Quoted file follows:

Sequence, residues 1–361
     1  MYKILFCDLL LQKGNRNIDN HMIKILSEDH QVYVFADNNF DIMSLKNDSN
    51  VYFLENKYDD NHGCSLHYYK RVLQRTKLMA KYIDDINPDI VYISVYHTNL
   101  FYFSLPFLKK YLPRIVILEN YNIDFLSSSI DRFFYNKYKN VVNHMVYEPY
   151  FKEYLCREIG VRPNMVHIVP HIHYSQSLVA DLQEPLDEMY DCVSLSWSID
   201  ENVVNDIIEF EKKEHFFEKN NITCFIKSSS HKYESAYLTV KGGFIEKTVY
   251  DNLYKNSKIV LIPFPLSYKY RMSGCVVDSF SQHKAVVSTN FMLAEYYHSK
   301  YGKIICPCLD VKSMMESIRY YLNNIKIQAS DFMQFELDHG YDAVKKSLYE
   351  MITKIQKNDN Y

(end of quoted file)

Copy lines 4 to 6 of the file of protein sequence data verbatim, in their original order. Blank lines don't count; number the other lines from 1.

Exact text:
   101  FYFSLPFLKK YLPRIVILEN YNIDFLSSSI DRFFYNKYKN VVNHMVYEPY
   151  FKEYLCREIG VRPNMVHIVP HIHYSQSLVA DLQEPLDEMY DCVSLSWSID
   201  ENVVNDIIEF EKKEHFFEKN NITCFIKSSS HKYESAYLTV KGGFIEKTVY